Nostalgia may be the many-faced God of Indie music. But it’s fickle isn’t it? Sometimes its effervescence reprieves us from the ever-mounting haggles of growing up. In other cases, it’s illusory… a romanticized polaroid of the past that paralyzes progress. But Ryan Lawhon shapes it differently in Mating Ritual’s new single, “OK”, where at the risk of sounding “youth pastoral” the past is instead, a place to learn.
“I want to know the way I used to feel with the sunlight on my face.” —sings Ryan, a line that begs curiosity about his own relationship to past selves. The brothers Lawhon teamed up with friend Jane Holiday and what started as a dissection of the industry evolved into a broader acceptance of past mistakes, personally and professionally.
So maybe diving into the past feels more like watching bad reality TV, some habit of commiseration you can’t control and can’t turn off. Well if the chimerical spirit of a youth pastor does live somewhere in this song, their lesson of the day may be that the cringing leads to yearning and the yearning, as it usually does through art, leads to acceptance. To no surprise, it manifested itself wonderfully into the grand glimmer signature of the Mating Ritual sound.
We had the joy of speaking with Ryan and getting more of a sense of his relationship to the past, his bandmate and brother Taylor and the industry that he lives so close to…
Do you see younger versions of yourself as different people? Almost like an old friend you haven’t kept in touch with?
I have the terrible habit of mostly remembering cringe moments from my past, so the majority of my interactions with my past self are contorted facial expressions and audibly saying the word yikes, which has caused some awkward moments when I’m zoning out in public. I think of it like watching Vanderpump Rules (or any Bravo show for that matter), I can’t change what’s going on but that doesn’t stop me from yelling at the screen.
To that, do you find nostalgia more as a respite from tough times or a trap that holds you back from progress?
I wouldn’t say respite or trap, as youth pastoral as it sounds, most of these interactions I view as ‘teaching moments’. I put my foot in my mouth frequently, though I’d like to say less so than when I was younger. Nostalgia in general I find a lot of beauty in, as long as your focus isn’t on recreating fuzzy feelings you once had.
“OK” alludes to drinking more and feeling older than you are. Even the picture for the cover art looks like you two are standing in the hallway between a green room and a stage. Was this song born out of the weary existence that is touring?
Touring is definitely a part of it, but this song was born more of the weary existence of just living with yourself and the choices you’ve made. Touring in my opinion, especially DIY touring, can be a magnifying glass for any issues or insecurities a band is facing, and at some point you just have to accept them and put on the best show you can every night.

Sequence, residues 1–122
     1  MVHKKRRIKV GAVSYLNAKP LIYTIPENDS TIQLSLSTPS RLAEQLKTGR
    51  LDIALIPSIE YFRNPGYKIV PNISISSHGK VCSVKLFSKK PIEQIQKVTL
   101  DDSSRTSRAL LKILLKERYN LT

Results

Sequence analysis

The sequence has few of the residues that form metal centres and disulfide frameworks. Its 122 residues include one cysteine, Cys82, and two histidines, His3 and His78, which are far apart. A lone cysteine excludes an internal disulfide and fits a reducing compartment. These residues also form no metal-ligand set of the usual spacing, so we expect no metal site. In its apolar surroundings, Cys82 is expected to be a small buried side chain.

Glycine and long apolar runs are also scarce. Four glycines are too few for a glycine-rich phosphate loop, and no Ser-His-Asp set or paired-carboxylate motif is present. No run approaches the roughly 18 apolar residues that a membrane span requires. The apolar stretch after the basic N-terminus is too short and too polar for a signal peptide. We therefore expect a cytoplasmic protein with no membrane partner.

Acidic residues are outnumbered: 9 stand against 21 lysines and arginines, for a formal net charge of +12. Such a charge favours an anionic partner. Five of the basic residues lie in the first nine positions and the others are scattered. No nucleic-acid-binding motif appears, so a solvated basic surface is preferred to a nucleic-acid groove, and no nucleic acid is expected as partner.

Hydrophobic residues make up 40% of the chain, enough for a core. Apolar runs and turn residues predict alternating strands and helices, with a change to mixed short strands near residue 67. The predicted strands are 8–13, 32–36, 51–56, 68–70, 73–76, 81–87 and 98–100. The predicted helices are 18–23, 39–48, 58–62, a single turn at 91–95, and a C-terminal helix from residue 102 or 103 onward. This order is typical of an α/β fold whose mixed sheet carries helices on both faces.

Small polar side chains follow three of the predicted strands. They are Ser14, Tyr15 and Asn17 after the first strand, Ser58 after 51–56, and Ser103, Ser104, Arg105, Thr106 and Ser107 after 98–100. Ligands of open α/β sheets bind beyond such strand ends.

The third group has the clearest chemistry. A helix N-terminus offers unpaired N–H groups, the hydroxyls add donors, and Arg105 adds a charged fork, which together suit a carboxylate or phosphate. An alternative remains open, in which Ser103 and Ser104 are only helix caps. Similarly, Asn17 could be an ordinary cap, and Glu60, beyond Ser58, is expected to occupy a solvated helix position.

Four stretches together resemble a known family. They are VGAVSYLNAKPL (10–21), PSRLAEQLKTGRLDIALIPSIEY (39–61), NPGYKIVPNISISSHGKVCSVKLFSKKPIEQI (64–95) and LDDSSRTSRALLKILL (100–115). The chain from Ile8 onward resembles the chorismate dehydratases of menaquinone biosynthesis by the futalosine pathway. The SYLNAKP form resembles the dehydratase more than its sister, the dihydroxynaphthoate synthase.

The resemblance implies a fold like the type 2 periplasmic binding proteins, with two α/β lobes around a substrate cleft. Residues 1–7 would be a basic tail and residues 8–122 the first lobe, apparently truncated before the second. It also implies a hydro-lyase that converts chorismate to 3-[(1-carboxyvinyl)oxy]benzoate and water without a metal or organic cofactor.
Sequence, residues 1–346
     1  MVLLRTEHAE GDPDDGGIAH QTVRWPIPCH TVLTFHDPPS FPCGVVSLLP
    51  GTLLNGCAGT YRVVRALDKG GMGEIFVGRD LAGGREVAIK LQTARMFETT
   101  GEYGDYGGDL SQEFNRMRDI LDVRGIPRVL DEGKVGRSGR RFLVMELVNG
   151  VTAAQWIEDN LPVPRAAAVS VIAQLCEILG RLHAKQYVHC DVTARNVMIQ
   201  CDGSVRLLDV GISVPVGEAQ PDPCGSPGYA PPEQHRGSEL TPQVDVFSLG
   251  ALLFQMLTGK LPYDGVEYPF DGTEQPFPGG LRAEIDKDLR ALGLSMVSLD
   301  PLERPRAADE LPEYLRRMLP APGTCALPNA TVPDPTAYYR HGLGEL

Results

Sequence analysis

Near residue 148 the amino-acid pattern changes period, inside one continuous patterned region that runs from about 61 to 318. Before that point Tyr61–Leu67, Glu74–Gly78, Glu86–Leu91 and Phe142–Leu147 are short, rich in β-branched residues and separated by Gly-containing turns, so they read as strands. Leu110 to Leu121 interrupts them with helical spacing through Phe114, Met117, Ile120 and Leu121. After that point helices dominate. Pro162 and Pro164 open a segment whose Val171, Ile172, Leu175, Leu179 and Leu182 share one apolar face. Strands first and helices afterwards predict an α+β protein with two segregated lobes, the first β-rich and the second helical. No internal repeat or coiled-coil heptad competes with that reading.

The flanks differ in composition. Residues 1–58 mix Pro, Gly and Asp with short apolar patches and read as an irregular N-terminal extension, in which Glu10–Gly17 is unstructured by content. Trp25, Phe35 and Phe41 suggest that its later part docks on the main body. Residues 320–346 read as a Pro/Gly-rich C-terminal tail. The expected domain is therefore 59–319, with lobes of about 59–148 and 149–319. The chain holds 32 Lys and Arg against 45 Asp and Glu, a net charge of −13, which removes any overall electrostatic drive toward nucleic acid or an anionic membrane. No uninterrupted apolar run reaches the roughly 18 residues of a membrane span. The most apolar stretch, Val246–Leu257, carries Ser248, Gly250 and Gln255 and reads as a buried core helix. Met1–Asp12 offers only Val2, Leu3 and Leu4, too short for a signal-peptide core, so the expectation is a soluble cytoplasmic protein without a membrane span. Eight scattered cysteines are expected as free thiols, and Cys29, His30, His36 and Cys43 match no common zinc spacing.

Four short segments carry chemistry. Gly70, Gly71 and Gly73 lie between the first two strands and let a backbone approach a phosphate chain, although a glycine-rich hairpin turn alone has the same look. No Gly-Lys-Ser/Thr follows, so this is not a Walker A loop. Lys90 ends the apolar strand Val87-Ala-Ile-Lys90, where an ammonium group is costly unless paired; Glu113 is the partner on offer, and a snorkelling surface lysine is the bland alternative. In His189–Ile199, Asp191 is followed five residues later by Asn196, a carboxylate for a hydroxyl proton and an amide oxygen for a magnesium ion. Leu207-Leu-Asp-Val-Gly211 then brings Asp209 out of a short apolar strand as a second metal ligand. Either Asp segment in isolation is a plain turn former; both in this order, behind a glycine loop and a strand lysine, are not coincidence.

Your voice has the rare ability to sound big but also very smooth… Who are your tops? Who really made you want to sing?
Dawww, thank you, but actually singing was never something I focused on as a child, maybe because my mom primarily played New Age and Lilith Fair artists around the house. Despite my best attempts I couldn’t, and still can’t, sound anything like my favorite singers Enya and Sarah McLachlan, so I focused on playing bass. I adored Peter Hook, Flea and Victor Wooten. When I eventually started writing songs I sang the scratch tracks out of necessity, and found a place I couldn’t reach growing up. I started admiring vocalists in way I’d hadn’t in the past, especially interesting voices with some flaws like Nick Cave, Rodriguez or Devendra Banhart. That said, I’ve never had any formal training or really modeled my voice after anyone, for better or for worse.
The brother dynamic in a band is always fascinating. I’d imagine the writing process is collaborative musically, but do you find the innate empathic connectivity you have with him feeds your writing? For instance, one may assume “Ok” is from your perspective, but has a song like this ever come from wanting to give a voice to something you’re witnessing in him?
Absolutely. I’ve written a few songs either from his perspective or about what I see in his life. I try to mostly refrain from critiques or judgements in my songwriting, and focus on how I relate to a situation, so most of these songs are about my interactions in our relationship. This song, however, is actually from the perspective of our friend Jane Holiday, who we co-wrote the song with. It started as more of a lived in critique of the industry, but eventually widened the scope to accepting our entire lives and moving on from mistakes we make, which definitely include professionally.
In Los Angeles, we always feel like we’re standing within arm’s length of ‘the one that gets a break’. For the sake of manifestation, what would be the first thing you’d do or buy to celebrate that ‘ever illusive break’?
I’d fly a bunch of friends down to Sayulita, rent a bungalow for a couple weeks and work on my Irish skin tone.
To keep it topical, is there any one song or artist that has kept you sane throughout the quarantine? If so what would you ask them if you were stuck in their place with them for all this?
One album, Wave by Antonio Carlos Jobim, and I’d ask him if there was a better beach that I should be fantasizing about.
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story / Chris Hess